The Big Tech giants dominate their markets by using data to improve product and experience with every interaction. Pulling on digital threads to connect data from every engagement and every touch point they ensure they capture, and keep, their customer’s attention. The automotive industry can emulate this by analysing data from every journey to improve customer experience and guide individual choices.
To do so, automotive OEMs must leverage connected vehicles, browsing behaviour and customer apps to connect to their end customers outside of dealership visits. In the traditional engagement model, the sum of all direct interaction with customers, including marketing, sales and servicing vehicles represents less than one per cent of the total customer experience of a vehicle. It is impossible to maintain a meaningful and memorable customer relationship with so little contact.
Learning from ‘Big Tech’
When you search with Google, shop with eBay
or use your iPhone, every detail of your activity is captured. Analysis of this data is used to tailor your personal experience and enhance the experience for millions of others.
This tailored and engaging approach drives interactions which creates more data which in turn leads to better engagement and personalisation.
Connected vehicles, enhanced infotainment systems and vehicle apps all provide data that can build customer insight from individual journeys. Combined, this rich set of integrated vehicle and customer data can be deployed to influence every customer’s daily experience with their vehicle brand.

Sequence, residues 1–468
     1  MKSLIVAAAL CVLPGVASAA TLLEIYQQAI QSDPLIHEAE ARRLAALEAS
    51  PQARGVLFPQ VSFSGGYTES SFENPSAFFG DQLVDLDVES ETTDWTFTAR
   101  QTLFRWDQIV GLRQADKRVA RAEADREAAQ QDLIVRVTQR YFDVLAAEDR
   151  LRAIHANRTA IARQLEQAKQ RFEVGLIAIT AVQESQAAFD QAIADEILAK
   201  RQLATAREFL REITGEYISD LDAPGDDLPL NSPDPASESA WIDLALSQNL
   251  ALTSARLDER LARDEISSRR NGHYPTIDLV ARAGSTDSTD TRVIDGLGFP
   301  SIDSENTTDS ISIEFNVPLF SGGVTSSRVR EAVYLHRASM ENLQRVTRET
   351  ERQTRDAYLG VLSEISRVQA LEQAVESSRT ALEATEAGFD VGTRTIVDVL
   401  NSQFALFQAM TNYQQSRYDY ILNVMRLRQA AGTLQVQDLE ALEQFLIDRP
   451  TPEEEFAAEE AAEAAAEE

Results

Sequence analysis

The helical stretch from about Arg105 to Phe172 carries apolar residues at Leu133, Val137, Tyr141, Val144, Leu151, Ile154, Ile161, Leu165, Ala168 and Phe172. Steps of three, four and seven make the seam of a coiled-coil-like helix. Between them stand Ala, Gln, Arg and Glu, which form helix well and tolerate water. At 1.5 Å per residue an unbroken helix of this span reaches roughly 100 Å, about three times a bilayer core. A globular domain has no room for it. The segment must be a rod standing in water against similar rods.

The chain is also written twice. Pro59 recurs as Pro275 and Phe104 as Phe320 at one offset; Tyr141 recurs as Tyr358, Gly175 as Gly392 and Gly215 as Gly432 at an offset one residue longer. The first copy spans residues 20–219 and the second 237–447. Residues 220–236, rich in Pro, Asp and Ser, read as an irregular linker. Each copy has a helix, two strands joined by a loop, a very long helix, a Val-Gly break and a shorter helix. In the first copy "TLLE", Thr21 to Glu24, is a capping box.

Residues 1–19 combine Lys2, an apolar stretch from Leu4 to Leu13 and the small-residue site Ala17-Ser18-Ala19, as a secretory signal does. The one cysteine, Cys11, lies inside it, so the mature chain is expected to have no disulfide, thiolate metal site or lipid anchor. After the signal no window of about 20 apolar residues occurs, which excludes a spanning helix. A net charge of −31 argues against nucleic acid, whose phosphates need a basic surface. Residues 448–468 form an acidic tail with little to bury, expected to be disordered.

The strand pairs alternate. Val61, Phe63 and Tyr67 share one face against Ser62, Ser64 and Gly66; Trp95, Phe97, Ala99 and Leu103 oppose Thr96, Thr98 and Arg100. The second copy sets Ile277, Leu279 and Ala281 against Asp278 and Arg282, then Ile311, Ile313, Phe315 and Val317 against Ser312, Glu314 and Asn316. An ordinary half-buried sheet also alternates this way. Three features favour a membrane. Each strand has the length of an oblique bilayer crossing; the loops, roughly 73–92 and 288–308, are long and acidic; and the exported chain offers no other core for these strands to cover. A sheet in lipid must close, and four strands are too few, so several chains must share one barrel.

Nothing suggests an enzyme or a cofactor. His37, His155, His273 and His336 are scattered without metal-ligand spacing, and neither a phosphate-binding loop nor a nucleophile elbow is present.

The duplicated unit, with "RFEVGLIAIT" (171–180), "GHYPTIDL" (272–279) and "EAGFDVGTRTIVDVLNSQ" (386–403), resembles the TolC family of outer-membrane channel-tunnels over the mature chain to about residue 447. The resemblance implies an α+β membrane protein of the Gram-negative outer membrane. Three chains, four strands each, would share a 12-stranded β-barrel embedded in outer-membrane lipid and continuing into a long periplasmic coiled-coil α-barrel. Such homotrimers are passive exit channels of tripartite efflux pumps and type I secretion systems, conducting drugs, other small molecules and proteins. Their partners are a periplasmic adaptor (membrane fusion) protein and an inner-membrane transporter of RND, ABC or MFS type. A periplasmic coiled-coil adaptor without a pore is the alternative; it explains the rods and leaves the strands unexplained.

A rich set of integrated vehicle and customer data can be deployed to influence every customer’s daily experience with their vehicle brand.
Start with the website
In the last few years brands have spent enormously to improve the interactivity and usefulness of their websites. Product configurators, videos, test drive booking and dealer contacts all help customers proceed through their purchase journey. Creating a digital thread that runs through every path to purchase will dramatically improve customer conversion rates. For example, understanding that people who call the dealer convert faster, you can nudge prospects to make a call as their next step. Recognising when a current customer is in the market for a new vehicle, they can be prompted to begin their search online on the brand’s website.
In the Cockpit
The second area where digital threads can connect data to improve experience and profitability is in the vehicle cockpit itself. Mobile network operators and multiple apps already covert mobility data into customer knowledge. Knowing when you travel, how frequently and where is valuable information which they leverage to improve timing and content of messaging, and to increased app interactions. Automotive companies can and should use the vast array of data created by customers in their vehicles to enhance individual experiences and deepen brand loyalty.